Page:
Image Credit: bhossfeld (CC0)
Ebola is a highly virulent viral disease that spreads to humans from infected animals. Predominantly spreading throughout Africa, it was relatively obscure until 2013. Starting in 2013, a large scale outbreak shocked the world with the possibility that it could spread trans-nationally. Although it does seem that the defences against Ebola have been strengthened since that outbreak, there is still a way to go. Ebola is currently spreading in the DRC and healthcare officials are facing similar problems to the 2013-2016 epidemic.
Picture the scene. It is the DRC during 1976 in the small village of Yambuku. A schoolmaster has contracted a highly virulent infection which is as of yet unknown to modern medicine. This schoolmaster has become patient zero and will subsequently enable the pathogen to spread to 318 other people causing an outbreak with a mortality rate of 88%.
The infection causes many symptoms most of which are hard to distinguish from other endemic diseases. These include: headache, muscle and joint pain, sore throat, muscle weakness, diarrhoea, vomiting and rashes. In some cases internal haemorrhaging can occur causing bleeding from bodily orifices. Instead of naming the illness after a symptom, scientists named it after a geographical feature. Yambuku is situated near to a tributary of the Congo River called Ebola, which seemed like a fitting title.
Although highly infectious, Ebola passes directly from person to person due to bodily fluid contact. This can be prevented relatively easily using disinfectants such as chlorine on contaminated surfaces. Changes in people’s hygiene routines are very effective in curbing transmission; if people do not touch other sick people or anywhere sick people have touched, then the disease shouldn’t spread. Moreover, the efficacy of using vaccines to prevent epidemics have not been proven.
Since discovery, the five strains of EVD (Ebola Virus Disease) have caused 22 outbreaks with varying mortality rates, from 20% to 90%. The outbreaks start due to human contact with an infected animal. Pteropodidae fruit bats have been identified as the animal reservoir but the evidence for this is shakey. Other animals e.g. primates such as Chimpanzees have also been shown to start epidemics. This usually occurs due to people eating bush meat after hunting live or scavenging for dead animals. One commonality between these outbreaks is that they have been historically small-scale.
However, as most probably remember, this all changed during the 2013-2016 outbreak in which 11301 people died. The outbreak spanned three West African countries: Sierra Leone, Liberia and Guinea. This was worlds apart from previous epidemics in which the virus only infected a few hundred people and didn’t travel far beyond the epicentre. There were numerous reasons for this increase in geographical range. In the last few decades, international travel has become increasingly common throughout Africa. This has made it easier for infected people to travel further afield. Proximity to infrastructure also played a part as the first cases were not placed in the middle of impenetrable forests. Moreover: rampant poverty, a deep distrust of scientists and healthcare workers (leading to an absence of diagnostics, quarantining and treatments), armed conflicts, local customs (including an insistence to physically touch and wash dead bodies) and an unacceptably belated response from the international community formed the perfect conditions for the first large scale Ebola outbreak.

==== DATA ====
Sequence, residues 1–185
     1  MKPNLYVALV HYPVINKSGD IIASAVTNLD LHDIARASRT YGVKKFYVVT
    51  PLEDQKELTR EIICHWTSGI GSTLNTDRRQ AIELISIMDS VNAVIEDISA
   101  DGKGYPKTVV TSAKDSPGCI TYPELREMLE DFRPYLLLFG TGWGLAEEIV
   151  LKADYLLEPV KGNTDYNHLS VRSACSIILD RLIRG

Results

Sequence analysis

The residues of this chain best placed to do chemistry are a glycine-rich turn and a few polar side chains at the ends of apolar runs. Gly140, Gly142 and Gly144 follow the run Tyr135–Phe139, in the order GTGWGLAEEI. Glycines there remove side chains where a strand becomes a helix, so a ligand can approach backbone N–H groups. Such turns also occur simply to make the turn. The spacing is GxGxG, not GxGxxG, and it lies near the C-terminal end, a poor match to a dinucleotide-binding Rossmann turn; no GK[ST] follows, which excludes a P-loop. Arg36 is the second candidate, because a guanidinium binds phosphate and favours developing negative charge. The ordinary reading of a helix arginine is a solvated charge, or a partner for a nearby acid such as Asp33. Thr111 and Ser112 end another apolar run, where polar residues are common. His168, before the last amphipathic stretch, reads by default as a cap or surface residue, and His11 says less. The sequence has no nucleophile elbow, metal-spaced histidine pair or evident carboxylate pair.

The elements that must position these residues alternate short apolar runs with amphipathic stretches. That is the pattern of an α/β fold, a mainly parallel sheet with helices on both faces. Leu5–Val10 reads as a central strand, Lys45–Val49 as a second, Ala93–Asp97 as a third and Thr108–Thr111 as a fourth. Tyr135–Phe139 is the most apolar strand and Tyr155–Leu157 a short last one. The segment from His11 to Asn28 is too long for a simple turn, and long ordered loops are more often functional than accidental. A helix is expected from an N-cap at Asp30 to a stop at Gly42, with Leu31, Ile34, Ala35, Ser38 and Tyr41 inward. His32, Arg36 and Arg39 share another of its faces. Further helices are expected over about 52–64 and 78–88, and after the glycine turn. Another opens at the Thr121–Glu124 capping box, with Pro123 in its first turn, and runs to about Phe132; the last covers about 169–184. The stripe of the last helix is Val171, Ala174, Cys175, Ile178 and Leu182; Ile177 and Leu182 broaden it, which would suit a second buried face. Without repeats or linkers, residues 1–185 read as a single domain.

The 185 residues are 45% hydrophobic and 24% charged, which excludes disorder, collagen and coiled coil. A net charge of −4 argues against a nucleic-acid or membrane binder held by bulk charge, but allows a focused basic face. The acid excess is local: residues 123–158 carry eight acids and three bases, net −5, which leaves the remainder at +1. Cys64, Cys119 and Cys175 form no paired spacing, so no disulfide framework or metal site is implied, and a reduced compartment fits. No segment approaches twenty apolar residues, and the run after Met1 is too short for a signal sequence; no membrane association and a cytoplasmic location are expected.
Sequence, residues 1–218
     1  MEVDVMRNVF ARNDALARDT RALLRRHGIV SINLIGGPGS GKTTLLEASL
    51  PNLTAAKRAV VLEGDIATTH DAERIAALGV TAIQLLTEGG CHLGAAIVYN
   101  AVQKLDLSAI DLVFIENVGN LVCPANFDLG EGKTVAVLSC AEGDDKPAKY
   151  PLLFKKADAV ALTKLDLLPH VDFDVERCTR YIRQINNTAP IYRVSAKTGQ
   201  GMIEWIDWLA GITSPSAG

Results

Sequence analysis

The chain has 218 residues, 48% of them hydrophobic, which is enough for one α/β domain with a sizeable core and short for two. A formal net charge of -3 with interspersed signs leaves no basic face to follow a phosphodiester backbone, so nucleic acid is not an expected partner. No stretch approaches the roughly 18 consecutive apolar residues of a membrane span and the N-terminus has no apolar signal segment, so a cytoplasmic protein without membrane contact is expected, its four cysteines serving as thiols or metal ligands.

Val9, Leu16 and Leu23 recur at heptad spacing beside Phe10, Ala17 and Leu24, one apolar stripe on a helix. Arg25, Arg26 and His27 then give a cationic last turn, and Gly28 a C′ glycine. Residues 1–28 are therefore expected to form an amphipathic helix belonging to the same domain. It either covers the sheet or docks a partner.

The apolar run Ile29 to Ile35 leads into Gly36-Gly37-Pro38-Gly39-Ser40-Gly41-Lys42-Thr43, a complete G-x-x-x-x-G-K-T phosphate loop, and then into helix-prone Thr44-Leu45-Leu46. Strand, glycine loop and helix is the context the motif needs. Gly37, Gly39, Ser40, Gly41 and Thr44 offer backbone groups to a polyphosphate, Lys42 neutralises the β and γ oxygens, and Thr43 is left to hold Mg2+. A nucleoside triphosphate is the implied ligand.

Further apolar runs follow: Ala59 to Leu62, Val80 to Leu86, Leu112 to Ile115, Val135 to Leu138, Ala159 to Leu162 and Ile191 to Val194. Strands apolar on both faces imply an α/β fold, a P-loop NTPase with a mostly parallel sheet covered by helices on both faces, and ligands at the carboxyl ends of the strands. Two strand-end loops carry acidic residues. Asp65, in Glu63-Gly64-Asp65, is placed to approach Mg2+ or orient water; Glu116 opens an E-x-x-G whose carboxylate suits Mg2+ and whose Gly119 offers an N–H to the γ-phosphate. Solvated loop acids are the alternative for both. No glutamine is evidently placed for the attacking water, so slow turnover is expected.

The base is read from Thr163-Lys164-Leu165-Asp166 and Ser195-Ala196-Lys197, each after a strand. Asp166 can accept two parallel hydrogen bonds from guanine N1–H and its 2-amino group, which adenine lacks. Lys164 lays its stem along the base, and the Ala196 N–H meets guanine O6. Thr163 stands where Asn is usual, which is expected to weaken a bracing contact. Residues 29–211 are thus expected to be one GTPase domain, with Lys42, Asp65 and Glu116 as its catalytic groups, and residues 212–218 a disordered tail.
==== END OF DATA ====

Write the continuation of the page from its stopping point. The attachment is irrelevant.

The epidemic was declared over in 2016 after the transmission rate fell below replacement level. This was in part due to the influence of NGOs and governments, foreign and domestic, who were able to change local attitudes regarding the handling of the disease.
Ebola isn’t gone and forgotten. Currently, an outbreak is occurring in the DRC that has already claimed the lives of over 90 people. On the positive side, the response to this outbreak has been much faster than we saw in 2013; the WHO did not take 6 months to respond this time! Hopefully the spread will not be allowed to quickly get out of hand.
“The transmission rate appeared to be slowing down due to communities responding quickly to prevent the spread” – said Jose Barahona, Oxfam’s country director for the DRC.
However, Africa is a poor continent and the DRC suffers from many problems facing the countries affected by the 2013-2016 outbreak. Large scale poverty, poor quality infrastructure and unfit sanitation systems provide significant obstacles to epidemic prevention.
“These new cases in urban areas mean we’re not out of the woods yet. In big cities, people come into contact with far more people, especially in a major trading place”. “It’s also of real concern that three cases of the virus were found in a place where armed groups are highly active” added Barahona.
It would seem that the ways authorities respond to Ebola, thankfully, have improved since 2013. Unfortunately, as long as these outbreaks continue to happen in poor countries, there is still much to improve. Watch this space to see how this outbreak plays out. Have enough lessons been learnt since 2013?